Aletschorn Dawn
First Light over the Aletschorn

Lying, waiting for the early alarm to go off in the Mönchsjochhütte, I was like a kid before Christmas. The previous night’s sunset had been pretty special and there wasn’t a cloud in the sky, just a seemingly endless sea of stars meeting the Alps somewhere behind the Aletschhorn. The forecast looked good for the day ahead and we knew of only one other team from the hut who were heading up the Monch. The anticipation was palpable between us. It was something I had wanted to do from the start of the season. Although the climbing from the hut is very straightforward, the skiing was a step up for me. From below you can easily trace the line of least resistance and you can also see how steep the top section is. Add to this the amazing surroundings and views we were sure to get if the weather forecast held true and we were going to be in for a pretty awesome day. It didn’t disappoint.

As much Birchermüesli as we could manage and three cups of hot chocolate later found us at the base of the SE Ridge. Crampons on, skis on packs and axes out, we had lots of time and so started to make steady progress breaking trail up the ridge.

DSC01216
Monch SE Ridge

It was hot, slow work and further up, the snow quality deteriorated. We got the rope out and opted to circumnavigate the rock bands rather than scratch around in the rapidly warming, thin snow cover on the ridge proper. Sticking to the west side, we found shade and better snow and made good progress until back on the ridge.

DSC01217
Heading around the first of the rock bands

We followed the precariously thin ridge til we met the slope to the summit ridge. Here we found brilliant ice and made quick work to of it. Once on the ridge, we were blown away by how narrow it was and were back to slow progress, sticking to the south side and for the most part, sidestepping save for the odd section where we could walk, Occasionally putting the axe through the cornice and watching as it tumbled away down the beautiful, sickeningly steep North side. With a few last whacks of the axe and a few more steps kicked, we were both sitting on top of the small summit plateau, smiling but equally looking nervous about the skiing to come.

DSC01223
All smiles on the summit of the Monch (4107m)

Having already decided that I would go first, we carefully removed crampons and donned skis and then, with little more than 15 minutes of enjoying the summit views, I was off. To ski something this steep was a completely new experience to me and gave me the same feeling of commitment that I get as I decide to jump in my more familiar environment of base jumping. Still tied in and with Fi providing a belay from the north side of the summit ridge, I side slipped and put one turn in before my 40m of rope was up. Crafting a makeshift belay, Fi made her way down the 50° slope turned under me and continued traversing west so we could get above the snow slope proper. From here we dispensed with the rope and began to make turns down the face. As the snow quality changed from icy to heavy, sun affected snow, so too the angle changed. Several avalanches had recently ravaged the face and so the snow changed from heavy to scoured and back to heavy which made for hard work and demanded a bunch of concentration. Once down at the first bergschrund, we crossed this and traversed back to the east through unforgiving avalanche debris and eventually to above the second bergschrund. A straight line from here crossed the ‘schrund and had us screaming through virgin snow on the way back to the Jungfraujoch station, but not before we shed some kit and sat in the sun looking back up the face and feeling thoroughly pleased with ourselves. It was a great day, ticking off something I have wanted to do for a while, and getting to do it with Fi as company. Drinks were had back at the ranch and it was a smug me who sat on the plane to Aberdeen on Monday heading to work.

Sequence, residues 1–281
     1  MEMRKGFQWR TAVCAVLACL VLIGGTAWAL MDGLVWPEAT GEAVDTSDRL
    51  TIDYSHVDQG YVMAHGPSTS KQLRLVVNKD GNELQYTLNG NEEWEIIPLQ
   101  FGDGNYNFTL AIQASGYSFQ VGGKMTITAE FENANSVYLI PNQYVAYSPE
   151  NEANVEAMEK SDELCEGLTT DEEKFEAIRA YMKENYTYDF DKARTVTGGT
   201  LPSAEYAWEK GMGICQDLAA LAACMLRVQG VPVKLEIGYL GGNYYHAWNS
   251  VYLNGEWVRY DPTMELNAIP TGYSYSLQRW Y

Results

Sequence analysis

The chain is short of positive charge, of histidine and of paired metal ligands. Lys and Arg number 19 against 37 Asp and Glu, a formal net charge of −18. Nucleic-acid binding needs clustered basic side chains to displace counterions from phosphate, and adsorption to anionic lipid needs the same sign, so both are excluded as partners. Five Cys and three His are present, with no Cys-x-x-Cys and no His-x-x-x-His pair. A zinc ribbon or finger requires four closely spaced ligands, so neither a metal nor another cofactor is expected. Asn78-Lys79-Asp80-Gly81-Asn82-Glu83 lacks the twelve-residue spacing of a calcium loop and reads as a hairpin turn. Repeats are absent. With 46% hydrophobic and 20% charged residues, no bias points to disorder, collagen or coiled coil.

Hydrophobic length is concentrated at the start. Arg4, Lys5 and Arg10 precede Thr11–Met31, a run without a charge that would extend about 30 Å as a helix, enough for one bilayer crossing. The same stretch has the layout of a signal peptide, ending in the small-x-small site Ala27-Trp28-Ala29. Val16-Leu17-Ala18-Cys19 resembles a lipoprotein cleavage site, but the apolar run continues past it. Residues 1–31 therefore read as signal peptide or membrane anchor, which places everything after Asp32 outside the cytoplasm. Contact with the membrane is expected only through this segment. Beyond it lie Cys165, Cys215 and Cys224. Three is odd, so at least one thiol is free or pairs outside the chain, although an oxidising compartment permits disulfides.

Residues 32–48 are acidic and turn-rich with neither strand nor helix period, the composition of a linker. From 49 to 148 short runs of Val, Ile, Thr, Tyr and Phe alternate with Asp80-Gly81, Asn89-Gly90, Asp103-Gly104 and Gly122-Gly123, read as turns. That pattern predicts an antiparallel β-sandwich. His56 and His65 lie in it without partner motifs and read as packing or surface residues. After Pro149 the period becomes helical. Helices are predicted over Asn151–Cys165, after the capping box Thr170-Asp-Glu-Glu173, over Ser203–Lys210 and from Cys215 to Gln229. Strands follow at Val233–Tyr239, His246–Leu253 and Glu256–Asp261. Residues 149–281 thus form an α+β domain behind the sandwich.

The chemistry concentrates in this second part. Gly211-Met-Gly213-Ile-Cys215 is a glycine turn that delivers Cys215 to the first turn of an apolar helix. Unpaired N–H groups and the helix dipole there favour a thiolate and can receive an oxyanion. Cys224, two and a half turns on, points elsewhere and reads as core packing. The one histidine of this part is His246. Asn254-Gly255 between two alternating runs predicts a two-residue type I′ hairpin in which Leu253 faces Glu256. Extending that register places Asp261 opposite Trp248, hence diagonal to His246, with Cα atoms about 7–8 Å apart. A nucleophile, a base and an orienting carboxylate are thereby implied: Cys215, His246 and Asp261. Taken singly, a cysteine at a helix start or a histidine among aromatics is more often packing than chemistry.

Monch route
The Monch South Face. South East ridge ascent line in blue. Line of South face descent in red.